The conduct of a job description process within the company allows clarifying both the employer’s and employees’ expectations, by clearly stating the employee’s required skills, experience and responsibilities. It is generally based on a job analysis and allows for the introduction of a new compensation system. It thus implies the conduct of a strategic reflection in collaboration with the company’s Board (definition of company's dictionary of competencies, as well as of each position’s location within the company's organizational chart, of its success indicators and of the dictionaries used in the evaluation process).
Job description leads to the completion, for each position, of a job description form that presents its key-elements. This document may be used, among others, during the recruitment process (in order to write the job advertisement, integrate new employees, etc.), for yearly appraisals (assessment of the employee's skills, identification of the gaps and setting-up of improvement / development goals) and for the development of a pay structure / job evaluation process (guidelines) that is based on objective criteria – i.e. the employee’s level of skills and responsibility.
It also contributes to providing a global vision of the company’s structure, thus helping to design the organizational chart. The job description process also supports the development of the employees’ competencies.
Finally, please note that the availability of a complete job documentation (analysis and description) is getting more and more of a critical issue, as the lack of such documents can have dire consequences for the employer in terms of legal responsibility.
A job description ought to be based on the position’s mission statement, as well as on the identification of the job's skills requirements. In the case of a recruitment / selection process, the job description allows focusing one’s search on the job's actual requirements rather than on the replacement of Mr. or Mrs. so-and-so, who displayed specific skills which certainly did prove useful, yet wer not absolutely necessarly for the job.
Here is a job description form (sample) that may be completed as follows:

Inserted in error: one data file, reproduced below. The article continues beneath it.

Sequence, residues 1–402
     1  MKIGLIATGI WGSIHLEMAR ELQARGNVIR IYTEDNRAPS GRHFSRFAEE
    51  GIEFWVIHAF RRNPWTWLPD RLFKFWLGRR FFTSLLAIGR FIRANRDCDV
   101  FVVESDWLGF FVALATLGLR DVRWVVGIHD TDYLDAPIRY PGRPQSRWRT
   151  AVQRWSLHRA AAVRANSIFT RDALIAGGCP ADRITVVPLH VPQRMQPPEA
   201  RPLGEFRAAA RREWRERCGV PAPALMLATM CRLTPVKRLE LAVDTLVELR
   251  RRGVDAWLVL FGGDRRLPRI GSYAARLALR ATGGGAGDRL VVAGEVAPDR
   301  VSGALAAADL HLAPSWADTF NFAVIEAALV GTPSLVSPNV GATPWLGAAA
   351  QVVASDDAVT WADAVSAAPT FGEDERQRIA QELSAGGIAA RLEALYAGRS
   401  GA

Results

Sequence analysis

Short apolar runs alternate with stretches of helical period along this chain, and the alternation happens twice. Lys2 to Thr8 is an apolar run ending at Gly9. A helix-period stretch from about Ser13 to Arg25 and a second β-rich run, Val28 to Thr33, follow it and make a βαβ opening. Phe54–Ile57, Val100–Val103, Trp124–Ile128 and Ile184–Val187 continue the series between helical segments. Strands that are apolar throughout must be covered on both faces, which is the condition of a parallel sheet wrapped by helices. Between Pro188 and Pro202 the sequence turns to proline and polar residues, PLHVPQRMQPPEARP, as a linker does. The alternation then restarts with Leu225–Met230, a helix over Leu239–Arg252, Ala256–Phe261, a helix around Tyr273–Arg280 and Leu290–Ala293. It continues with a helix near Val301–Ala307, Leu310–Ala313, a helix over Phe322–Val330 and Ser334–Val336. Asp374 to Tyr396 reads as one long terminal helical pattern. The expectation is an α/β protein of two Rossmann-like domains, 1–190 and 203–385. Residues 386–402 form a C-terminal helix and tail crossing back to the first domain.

1. The job's identification code and title: This is official data. Let us precise that the "Identification Code" rubric indicates the job’s location within the company's organizational chart. For example, the codes "DFSA1", "DFSA2", etc., could be used to refer to employees located in the Department of Finance – Section Accounting, while "DFSA" would designate the Chief Accountant and "DF" the CFO.
2. The job's mission statement: The mission statement should concisely describe (in max. 3 sentences) the end goals of the considered position - i.e. its role within the organization. A third party should be able to understand what its essential components are - in concrete terms. In order to be formulated in terms of finality, a mission statement should contain:
3. Success indicators: These criteria should allow measuring whether the services delivered meet the customers' expectations. They can also be used in employee performance appraisals. There is a great diversity of indicators. However, most of them belong to one of the following dimensions:
4. Skills requirements: These are the criteria that are critical in order to fulfill the job’s mission. Such competencies may be observed at both professional and personal levels. Here are a few illustrations of these two dimensions:
Please note that personal skills are generic criteria (i.e. they are not linked to a particular type of position or company), while professional skills may be specific to a given company or even workplace.
Attention! When filling in the job description form, it is best to focus on the key skills that any job holder should display!
5. Customers and Suppliers: This phase is dedicated to the identification of the position’s customer-supplier relationships. The term "customer" applies here to all the units / positions that directly receive the goods / services delivered by the job holder. Similarly, the term "supplier" refers to all the units / positons from which the job holder receives goods / services in order to complete their tasks. Please note that both these types of partners may refer to people either within or outside the organization (notion of internal and external customers / suppliers).
In the "Who?" column of the sample job description form, you may list up all the customer and supplier units / positions. In the "What?" column, you may briefly describe the nature of the goods / services delivered and received (for example: advisory, financial statements, raw materials, metal components, etc.).
Please note that managers who are not directly in contact with customers, but who only deal with them through their team, do not have external customers as such.
Here are sample job specifications for a Chief Information Officer position. It is based on the sample job description form introduced above.